Unfortunately, the legislature does not include extra funding to add staffing for HiCap. Because it is part of “basic education,” we are expected to use the basic funding we already have. One way to do this at the elementary level is to ask every elementary classroom teacher to build into their lesson plans special assignments and activities for the one or two HiCap kids who are assigned to their class.
Another way to meet this need is with a cluster model. In this model, gifted students are clustered in a regular classroom in groups of 4-8, with a teacher trained in strategies for highly capable learners. The rest of the class is balanced out with students who have varied abilities. This gives HiCap kids a group of peers to learn with, and allows for one teacher at each grade level to be the expert (rather than expecting every teacher to be the expert).
Rationale: A cluster classroom can alleviate the need for every teacher in the school to be an expert in gifted education and can reduce the workload on teachers. For example, writing required Individualized Learning Plans for each HiCap student can be difficult for teachers who aren’t experts on this, as can the process of compacting the curriculum. Differentiating curriculum is already difficult for classroom teachers who are trying to meet the needs of average and struggling learners. In addition:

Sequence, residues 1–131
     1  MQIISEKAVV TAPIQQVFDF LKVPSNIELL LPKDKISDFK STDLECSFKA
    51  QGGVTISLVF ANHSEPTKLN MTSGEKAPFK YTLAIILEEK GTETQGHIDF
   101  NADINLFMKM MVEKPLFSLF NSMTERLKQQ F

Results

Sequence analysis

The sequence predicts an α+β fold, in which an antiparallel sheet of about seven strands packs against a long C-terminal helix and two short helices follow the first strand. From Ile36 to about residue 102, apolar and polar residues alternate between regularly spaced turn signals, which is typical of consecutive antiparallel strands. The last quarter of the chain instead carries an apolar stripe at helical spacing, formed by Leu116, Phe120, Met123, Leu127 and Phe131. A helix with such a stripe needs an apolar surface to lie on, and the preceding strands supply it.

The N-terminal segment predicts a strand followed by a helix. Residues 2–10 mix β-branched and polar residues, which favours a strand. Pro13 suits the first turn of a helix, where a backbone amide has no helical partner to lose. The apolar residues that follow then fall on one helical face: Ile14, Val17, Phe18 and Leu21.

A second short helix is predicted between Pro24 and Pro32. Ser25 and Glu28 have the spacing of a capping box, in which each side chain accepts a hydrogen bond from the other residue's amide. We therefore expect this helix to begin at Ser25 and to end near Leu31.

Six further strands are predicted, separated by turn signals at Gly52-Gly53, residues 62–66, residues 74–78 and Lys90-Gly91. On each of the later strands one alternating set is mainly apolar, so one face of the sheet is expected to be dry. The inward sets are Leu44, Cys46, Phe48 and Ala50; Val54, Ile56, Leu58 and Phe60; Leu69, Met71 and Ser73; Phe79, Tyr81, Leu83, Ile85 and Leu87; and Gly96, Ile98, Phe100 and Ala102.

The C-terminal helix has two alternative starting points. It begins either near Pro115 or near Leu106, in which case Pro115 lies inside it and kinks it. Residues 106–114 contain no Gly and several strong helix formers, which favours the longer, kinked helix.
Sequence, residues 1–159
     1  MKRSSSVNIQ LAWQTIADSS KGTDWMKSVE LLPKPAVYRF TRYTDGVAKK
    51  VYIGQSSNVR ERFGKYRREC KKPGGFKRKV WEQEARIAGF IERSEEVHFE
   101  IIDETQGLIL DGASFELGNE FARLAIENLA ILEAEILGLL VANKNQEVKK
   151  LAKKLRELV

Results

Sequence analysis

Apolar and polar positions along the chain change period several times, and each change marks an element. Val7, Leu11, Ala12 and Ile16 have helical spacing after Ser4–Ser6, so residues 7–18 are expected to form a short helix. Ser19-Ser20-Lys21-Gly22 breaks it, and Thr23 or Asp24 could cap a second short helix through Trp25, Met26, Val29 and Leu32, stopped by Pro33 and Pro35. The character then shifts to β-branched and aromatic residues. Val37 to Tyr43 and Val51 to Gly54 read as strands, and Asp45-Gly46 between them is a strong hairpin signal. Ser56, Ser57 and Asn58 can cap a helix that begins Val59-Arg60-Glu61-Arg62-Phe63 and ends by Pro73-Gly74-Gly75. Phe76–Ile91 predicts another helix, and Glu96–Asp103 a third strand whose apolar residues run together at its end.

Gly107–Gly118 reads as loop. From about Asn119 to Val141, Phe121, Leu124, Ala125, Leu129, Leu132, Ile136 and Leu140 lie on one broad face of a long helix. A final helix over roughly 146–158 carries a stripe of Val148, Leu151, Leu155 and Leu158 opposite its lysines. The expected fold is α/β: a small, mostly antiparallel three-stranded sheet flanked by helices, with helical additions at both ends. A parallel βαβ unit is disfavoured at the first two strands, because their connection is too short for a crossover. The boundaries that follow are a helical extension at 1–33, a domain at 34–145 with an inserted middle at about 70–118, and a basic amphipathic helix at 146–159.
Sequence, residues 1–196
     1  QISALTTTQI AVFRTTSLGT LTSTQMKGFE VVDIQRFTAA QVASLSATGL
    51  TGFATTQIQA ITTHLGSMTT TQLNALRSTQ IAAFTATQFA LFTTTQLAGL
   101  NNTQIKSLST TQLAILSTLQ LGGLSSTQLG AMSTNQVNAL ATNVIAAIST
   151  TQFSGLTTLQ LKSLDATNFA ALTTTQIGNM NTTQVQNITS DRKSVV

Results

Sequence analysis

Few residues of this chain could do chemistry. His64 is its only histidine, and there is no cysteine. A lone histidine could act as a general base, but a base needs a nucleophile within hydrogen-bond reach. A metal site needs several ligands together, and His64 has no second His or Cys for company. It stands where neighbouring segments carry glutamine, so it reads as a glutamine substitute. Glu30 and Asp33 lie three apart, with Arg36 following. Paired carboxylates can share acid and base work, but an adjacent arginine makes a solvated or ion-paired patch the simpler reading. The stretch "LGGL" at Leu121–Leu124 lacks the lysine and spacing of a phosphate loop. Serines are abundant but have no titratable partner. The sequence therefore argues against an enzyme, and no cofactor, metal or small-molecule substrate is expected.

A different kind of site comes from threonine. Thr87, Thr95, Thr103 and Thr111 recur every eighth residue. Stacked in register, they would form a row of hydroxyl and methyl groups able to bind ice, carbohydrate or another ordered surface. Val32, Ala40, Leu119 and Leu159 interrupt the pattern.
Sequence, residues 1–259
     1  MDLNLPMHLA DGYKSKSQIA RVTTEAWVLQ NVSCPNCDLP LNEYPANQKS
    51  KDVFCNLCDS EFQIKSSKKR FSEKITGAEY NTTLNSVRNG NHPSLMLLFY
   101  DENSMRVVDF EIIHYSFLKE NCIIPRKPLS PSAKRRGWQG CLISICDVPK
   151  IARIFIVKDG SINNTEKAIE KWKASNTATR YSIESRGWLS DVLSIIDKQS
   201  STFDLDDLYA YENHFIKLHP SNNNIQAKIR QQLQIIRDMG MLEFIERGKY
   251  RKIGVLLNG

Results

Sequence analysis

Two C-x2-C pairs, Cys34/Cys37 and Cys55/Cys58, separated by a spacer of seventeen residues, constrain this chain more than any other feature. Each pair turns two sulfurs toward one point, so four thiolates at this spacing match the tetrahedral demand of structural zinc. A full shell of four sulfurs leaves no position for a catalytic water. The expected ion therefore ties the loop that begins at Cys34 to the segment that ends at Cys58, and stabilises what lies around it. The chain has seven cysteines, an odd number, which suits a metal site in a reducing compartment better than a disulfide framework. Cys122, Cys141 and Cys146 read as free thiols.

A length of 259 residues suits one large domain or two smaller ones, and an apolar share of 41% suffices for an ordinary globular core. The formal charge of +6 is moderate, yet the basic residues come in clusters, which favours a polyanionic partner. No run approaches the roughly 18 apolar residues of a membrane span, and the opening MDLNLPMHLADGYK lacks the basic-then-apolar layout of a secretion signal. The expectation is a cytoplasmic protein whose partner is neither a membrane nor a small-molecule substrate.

- Highly Capable students need a peer group that they can relate to socially and academically
- HiCap students should be taught according to the Gifted Programming Standards as well as the Common Core
- HiCap students need a program that is tailored to their INDIVIDUAL academic needs (acceleration as well as enrichment). These needs can vary dramatically from student to student. HiCap students who are bored can become behavior issues and can be at risk of underachieving
- HiCap students need to be in a classroom that is responsive to their special characteristics
Conclusion: Regardless of the model your child’s school chooses, children identified as Highly Capable will receive daily services in gifted education. 3rd-6th grade children who participate in the weekly enrichment pull-out HiCap program (formerly called Apex), will continue going to that once a week, if they choose to participate. In addition, they will receive daily HiCap instruction in their home school. We are very excited to offer this improved level of service to our highly capable students!National Association for Gifted Children: http://www.nagc.org/resources-publications/gifted-education-practices/identification?id=958Pre-K to Grade 12 Gifted Programming Standards: http://www.nagc.org/resources-publications/resources/national-standards-gifted-and-talented-education/pre-k-grade-12?id=546 IInformation on Cluster groupingFAQ: http://www.ericdigests.org/2001-4/cluster.htmlhttp://www.kidsource.com/kidsource/content2/cluster_grouping.html Article:The HiCap Cluster ClassroomBook:Teaching Gifted Kids in Today's Classroom: Strategies and Techniques Every Teacher Can Use, by Susan Winebrenner and Dina Bulles. Minneapolis, MN: Free Spirit, 2012. Print.